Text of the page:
A detailed guide to financial market performance during financial crises With the financial markets seemingly careening from one crisis to another, it's vital for today’s investors and traders to have an historical perspective on market performance during times of great turmoil. In this book, Tim Knight provides an exhaustive analysis of financial market behavior prior, during, and following tumultuous events since 1600. Making copious use of charts and basic technical analysis, Knight demonstrates how external shocks tend to create extreme reactions in the financial markets and how these predictable reactions provide opportunities for investors and traders to profit. Knight traverses five centuries of financial market history, from Tulipmania in the 1600s to the contemporary sovereign debt crisis. He looks at each event from the prism of the financial markets, examining the market climate prior to the event, during the event, and following the event. Draws essential lessons from history providing investors and traders with guidelines to better navigate markets in today's tumultuous times Offers valuable insights on understanding and anticipating market responses to shocks and crises Companion website with a Q&A section contains charts from key moments in past financial crises and asks readers to choose whether to go long, short, or step aside If you're looking for a better way to make it today's dynamic markets, look no further than this timely book.
“[A] masterpiece . . . an astonishing book that will leave you questioning your own life and political views . . . Kidder opens a window into Farmer’s soul, letting the reader peek in and see what truly makes the good doctor tick.”—Nicholas Thomas, USA Today In medical school, Paul Farmer found his life’s calling: to cure infectious diseases and to bring the lifesaving tools of modern medicine to those who need them most. Tracy Kidder’s magnificent account shows how one person can make a difference in solving global health problems through a clear-eyed understanding of the interaction of politics, wealth, social systems, and disease. Profound and powerful, Mountains Beyond Mountains takes us from Harvard to Haiti, Peru, Cuba, and Russia as Farmer changes people’s minds through his dedication to the philosophy that “the only real nation is humanity.” Praise for Mountains Beyond Mountains “A true-to-life fairy tale, one that inspires you to believe in happy endings . . . Its stark sense of reality comes as much from the grit between the pages as from the pure gold those pages spin.”—Laura Claridge, Boston Sunday Globe “Stunning . . . Mountains Beyond Mountains will move you, restore your faith in the ability of one person to make a difference in these increasingly maddening, dispiriting times.”—John Wilkens, The San Diego Union-Tribune “Easily the most fascinating, most entertaining and, yes, most inspiring work of nonfiction I’ve read this year.”—Charles Matthews, San Jose Mercury News “It’ll fill you equally with wonder and hope.”—Cathy Burke, People “In this excellent work, Pulitzer Prize-winner Kidder immerses himself in and beautifully explores the rich drama that exists in the life of Dr. Paul Farmer. . . . Throughout, Kidder captures the almost saintly effect Farmer has on those whom he treats.”—Publisher’s Weekly (starred review) “[A] skilled and graceful exploration of the soul of an astonishing human being.”—Kirkus Reviews (starred review)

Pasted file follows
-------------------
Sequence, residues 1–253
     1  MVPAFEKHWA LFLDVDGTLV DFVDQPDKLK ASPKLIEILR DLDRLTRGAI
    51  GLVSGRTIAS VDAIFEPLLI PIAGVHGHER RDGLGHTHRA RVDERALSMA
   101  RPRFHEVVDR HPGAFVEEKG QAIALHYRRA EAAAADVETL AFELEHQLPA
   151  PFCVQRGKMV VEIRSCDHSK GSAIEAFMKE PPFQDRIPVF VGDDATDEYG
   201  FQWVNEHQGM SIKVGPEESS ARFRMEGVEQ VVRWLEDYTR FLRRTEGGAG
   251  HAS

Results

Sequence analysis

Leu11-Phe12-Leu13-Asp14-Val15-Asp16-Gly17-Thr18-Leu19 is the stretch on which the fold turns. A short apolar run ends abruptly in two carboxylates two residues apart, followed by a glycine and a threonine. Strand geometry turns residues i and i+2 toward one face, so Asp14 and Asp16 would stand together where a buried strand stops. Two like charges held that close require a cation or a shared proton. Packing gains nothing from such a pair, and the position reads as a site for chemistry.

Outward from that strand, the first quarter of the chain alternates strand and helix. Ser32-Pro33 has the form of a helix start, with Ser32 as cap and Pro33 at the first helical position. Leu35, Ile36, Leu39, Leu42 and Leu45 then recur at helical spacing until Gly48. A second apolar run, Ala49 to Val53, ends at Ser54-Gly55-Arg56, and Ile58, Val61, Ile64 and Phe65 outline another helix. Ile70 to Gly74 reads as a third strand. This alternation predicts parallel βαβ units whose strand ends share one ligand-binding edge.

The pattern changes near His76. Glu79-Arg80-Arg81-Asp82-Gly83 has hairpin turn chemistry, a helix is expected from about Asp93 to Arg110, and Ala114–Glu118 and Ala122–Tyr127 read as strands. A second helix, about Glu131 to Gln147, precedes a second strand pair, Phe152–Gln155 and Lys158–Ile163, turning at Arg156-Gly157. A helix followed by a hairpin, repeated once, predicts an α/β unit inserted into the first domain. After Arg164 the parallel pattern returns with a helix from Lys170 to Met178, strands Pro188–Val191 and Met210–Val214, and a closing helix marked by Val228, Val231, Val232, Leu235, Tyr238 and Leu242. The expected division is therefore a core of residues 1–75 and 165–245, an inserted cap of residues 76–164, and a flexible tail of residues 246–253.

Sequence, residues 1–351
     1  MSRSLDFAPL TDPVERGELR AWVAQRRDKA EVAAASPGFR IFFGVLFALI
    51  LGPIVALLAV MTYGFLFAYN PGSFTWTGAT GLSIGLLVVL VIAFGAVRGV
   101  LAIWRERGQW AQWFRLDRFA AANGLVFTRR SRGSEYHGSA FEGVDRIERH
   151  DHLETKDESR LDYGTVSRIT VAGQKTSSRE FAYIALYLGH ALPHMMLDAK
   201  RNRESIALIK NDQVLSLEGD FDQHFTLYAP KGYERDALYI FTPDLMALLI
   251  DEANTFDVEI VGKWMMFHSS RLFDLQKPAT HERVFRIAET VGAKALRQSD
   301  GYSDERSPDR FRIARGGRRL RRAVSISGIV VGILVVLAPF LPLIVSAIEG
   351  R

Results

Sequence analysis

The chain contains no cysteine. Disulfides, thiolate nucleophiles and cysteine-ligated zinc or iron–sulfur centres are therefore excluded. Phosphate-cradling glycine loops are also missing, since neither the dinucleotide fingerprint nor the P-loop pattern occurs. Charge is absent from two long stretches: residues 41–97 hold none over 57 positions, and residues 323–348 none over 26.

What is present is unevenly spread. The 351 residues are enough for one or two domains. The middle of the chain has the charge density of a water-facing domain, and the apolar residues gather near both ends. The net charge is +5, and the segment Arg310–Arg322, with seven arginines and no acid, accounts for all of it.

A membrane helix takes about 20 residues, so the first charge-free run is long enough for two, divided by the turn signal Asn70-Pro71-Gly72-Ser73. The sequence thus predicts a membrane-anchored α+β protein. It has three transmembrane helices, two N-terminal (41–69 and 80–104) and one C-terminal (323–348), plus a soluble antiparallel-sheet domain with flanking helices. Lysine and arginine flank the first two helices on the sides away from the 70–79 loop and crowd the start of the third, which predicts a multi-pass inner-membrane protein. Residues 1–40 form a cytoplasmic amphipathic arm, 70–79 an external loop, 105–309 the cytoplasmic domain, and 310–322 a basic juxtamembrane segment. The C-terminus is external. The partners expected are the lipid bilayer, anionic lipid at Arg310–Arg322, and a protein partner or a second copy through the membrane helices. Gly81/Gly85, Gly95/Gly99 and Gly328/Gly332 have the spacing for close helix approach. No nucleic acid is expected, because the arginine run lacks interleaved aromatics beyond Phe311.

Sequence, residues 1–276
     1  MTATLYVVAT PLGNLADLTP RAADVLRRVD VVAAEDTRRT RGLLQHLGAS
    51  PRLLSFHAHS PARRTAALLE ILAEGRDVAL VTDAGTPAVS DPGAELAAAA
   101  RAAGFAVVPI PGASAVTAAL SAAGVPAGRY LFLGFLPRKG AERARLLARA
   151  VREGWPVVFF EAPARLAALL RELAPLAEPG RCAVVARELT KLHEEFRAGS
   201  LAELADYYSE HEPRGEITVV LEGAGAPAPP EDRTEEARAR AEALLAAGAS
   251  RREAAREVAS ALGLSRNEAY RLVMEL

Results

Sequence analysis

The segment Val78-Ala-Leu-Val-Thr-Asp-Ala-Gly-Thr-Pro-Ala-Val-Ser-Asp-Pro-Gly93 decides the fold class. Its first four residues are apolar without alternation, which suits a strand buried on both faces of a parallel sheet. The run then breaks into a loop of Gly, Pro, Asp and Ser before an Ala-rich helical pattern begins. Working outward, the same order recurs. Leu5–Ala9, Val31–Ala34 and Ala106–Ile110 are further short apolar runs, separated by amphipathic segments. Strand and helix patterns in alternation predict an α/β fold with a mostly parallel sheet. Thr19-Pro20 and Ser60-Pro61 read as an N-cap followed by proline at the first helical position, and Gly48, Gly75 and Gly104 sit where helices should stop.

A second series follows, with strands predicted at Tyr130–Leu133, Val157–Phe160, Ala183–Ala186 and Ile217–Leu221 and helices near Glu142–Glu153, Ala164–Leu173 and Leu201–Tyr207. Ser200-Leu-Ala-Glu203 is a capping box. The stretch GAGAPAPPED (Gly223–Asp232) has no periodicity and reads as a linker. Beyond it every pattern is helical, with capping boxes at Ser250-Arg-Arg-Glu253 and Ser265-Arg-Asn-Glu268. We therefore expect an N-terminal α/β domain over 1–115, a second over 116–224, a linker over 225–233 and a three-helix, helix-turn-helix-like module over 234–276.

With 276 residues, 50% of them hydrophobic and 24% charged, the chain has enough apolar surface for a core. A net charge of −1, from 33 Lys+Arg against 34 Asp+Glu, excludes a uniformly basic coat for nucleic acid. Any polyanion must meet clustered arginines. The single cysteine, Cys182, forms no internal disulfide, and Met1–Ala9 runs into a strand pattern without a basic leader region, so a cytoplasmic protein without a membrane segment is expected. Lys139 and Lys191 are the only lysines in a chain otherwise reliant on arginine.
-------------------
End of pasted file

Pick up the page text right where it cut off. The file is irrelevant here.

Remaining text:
When the four cousins climb into a rubber boat and paddle UPSTREAM from their Grandmother's pond they have no idea of the adventure that lies ahead. Once they pass under the small bridge the river carries them into a world of mystery and magic. The beauty gives way to fear and danger as they come upon three evil nixies that lock them in a huge pumpkin and transport them far from home. As the four kids try to get back to their grandmother's pond, they find themselves chased by wild animals, sucked into a swamp, and trapped underground. The further upstream the kids go the more dangerous the enchanted river becomes until the children are fighting for their very lives. They often lose their way but are drawn back again and again to the water in and around which both good and bad folk live. More evil magic beings torment them and if not for the help of four uncommon friends and the courage of the children themselves they might never find their way home again.